Back in the 1970′s, when local councils were knocking down swathes of terraced housing and replacing them with tower blocks, a young architect worked with a group of residents in Macclesfield to fight the authorities, and to save and refurbish homes in Black Road.
Over the next decade Rod Hackney pioneered citizen-led design, and was able to count Prince Charles as an advocate of community architecture. In 1987 Rod was elected President of the Royal Institute of British Architects.
Last week Rod returned to the President’s office at the RIBA, with some of his colleagues and friends from the early days of citizen architecture, for the launch of a reprint of his 1990 book: The good, the bad, and the ugly: cities in crisis.
The current President, Stephen Hodder, was our host, and he led the way in providing some reflections on Rod’s work in this interview.
The book is published in the Routledge Revivals series, which last year republished the 1987 Community Architecture book by Nick Wates and Charles Knevitt. I reported that RIBA launch event here, with some explanation of how it chimed with my own interest as a one-time planning correspondent.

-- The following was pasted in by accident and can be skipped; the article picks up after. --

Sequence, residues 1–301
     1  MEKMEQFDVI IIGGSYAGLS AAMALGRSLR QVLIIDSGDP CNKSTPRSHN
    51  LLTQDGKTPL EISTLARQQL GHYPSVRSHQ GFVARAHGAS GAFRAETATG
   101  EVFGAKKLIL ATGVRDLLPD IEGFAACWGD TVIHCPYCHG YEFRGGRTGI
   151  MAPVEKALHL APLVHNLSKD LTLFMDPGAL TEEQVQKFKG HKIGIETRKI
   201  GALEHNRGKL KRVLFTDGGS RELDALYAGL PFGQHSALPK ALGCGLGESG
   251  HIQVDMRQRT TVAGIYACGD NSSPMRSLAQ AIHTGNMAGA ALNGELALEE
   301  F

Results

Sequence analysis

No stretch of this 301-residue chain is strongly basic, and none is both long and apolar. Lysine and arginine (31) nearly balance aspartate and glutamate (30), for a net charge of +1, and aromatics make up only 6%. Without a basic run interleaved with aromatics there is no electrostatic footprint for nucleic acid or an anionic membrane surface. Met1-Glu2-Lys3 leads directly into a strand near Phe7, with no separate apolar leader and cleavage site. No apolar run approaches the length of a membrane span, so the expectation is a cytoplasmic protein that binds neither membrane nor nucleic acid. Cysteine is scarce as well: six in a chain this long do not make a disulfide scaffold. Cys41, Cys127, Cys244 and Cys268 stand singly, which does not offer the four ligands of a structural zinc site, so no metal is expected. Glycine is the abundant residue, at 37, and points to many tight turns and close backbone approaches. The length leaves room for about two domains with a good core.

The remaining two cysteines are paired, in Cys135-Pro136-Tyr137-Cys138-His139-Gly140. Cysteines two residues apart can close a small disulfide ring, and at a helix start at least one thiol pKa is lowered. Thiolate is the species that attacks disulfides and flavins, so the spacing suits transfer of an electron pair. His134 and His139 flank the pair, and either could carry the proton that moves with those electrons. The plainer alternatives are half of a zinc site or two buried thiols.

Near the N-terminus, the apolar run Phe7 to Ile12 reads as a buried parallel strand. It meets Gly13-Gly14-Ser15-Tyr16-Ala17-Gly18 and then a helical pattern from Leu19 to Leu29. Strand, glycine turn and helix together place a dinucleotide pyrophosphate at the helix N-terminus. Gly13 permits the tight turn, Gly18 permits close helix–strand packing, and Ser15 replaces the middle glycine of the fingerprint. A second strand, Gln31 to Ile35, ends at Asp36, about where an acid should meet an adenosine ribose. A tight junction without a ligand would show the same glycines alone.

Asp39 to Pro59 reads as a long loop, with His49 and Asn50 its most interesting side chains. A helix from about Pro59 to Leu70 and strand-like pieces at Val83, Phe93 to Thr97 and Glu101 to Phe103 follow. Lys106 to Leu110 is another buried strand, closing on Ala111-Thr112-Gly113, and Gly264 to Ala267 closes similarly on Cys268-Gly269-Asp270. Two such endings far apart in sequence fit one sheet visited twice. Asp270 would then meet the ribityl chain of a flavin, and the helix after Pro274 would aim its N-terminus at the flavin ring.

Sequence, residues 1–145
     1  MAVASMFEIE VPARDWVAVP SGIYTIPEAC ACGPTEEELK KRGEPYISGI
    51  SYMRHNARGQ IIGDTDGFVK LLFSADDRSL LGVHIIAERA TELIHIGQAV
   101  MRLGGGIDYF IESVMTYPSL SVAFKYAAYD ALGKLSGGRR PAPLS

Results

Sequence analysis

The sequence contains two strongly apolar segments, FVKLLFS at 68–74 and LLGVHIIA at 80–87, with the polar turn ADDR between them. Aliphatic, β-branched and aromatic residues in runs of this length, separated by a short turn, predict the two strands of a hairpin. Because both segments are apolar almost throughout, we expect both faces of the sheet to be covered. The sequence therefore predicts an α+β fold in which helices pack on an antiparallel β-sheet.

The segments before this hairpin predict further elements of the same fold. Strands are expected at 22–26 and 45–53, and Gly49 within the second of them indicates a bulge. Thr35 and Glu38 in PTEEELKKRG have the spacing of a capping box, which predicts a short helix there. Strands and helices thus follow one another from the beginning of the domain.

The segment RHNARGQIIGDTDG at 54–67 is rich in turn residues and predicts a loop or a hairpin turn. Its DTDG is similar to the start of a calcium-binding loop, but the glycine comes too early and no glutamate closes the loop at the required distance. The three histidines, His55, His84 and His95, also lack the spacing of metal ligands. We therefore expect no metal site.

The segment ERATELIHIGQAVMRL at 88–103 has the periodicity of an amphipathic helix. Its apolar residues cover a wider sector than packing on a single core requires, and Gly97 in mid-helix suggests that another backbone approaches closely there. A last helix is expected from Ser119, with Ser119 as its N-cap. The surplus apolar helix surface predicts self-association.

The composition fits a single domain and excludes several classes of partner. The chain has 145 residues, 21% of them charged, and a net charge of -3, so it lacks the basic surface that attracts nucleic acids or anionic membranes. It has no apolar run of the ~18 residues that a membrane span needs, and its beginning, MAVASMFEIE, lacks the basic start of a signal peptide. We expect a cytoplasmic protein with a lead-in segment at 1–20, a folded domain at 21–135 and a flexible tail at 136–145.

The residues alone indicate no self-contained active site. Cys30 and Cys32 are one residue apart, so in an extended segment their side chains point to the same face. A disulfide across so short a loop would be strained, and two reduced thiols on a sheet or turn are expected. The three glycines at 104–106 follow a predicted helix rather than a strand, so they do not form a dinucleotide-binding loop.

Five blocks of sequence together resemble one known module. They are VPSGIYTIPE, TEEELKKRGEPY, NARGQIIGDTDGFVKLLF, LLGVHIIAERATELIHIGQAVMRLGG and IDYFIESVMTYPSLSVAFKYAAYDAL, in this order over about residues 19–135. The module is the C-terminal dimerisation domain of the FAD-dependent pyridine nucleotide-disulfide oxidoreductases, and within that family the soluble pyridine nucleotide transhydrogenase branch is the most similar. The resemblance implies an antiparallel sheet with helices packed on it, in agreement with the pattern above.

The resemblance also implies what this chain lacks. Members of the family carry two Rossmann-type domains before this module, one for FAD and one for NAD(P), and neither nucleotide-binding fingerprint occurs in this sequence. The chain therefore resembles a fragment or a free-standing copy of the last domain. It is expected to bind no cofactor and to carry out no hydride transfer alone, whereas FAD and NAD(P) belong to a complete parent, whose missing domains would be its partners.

Here’s the book blurb from Routledge:
First published in 1990, this title presents the personal reflections of renowned community architect Rod Hackney, who served for many years as President of both the Royal Institute of British Architects and the International Union of Architects. Educated in the Modernist tradition of architecture in Britain and Denmark, Hackney’s return to England in the 1970s changed his outlook completely. Cities like Birmingham and Sheffield had been ruined by ill-conceived planning; whole communities had been torn apart by massive destruction of Victorian terraces, and relocated to grim tower block estates. To those communities that he has rescued from the threat of redevelopment, Rod Hackney is a local hero. Determined to save Britain’s inner cities, he has been a major influence on Prince Charles and a powerful spokesman for the silent majority of the urban poor, who often have no say as to where and how they live.
… and a more personal account from Rod and his partner Tia. They formed Kansara Hackney Ltd in 2008, and it’s clear from the interview that Rod’s enthusiasm and ability to inspire is undimmed.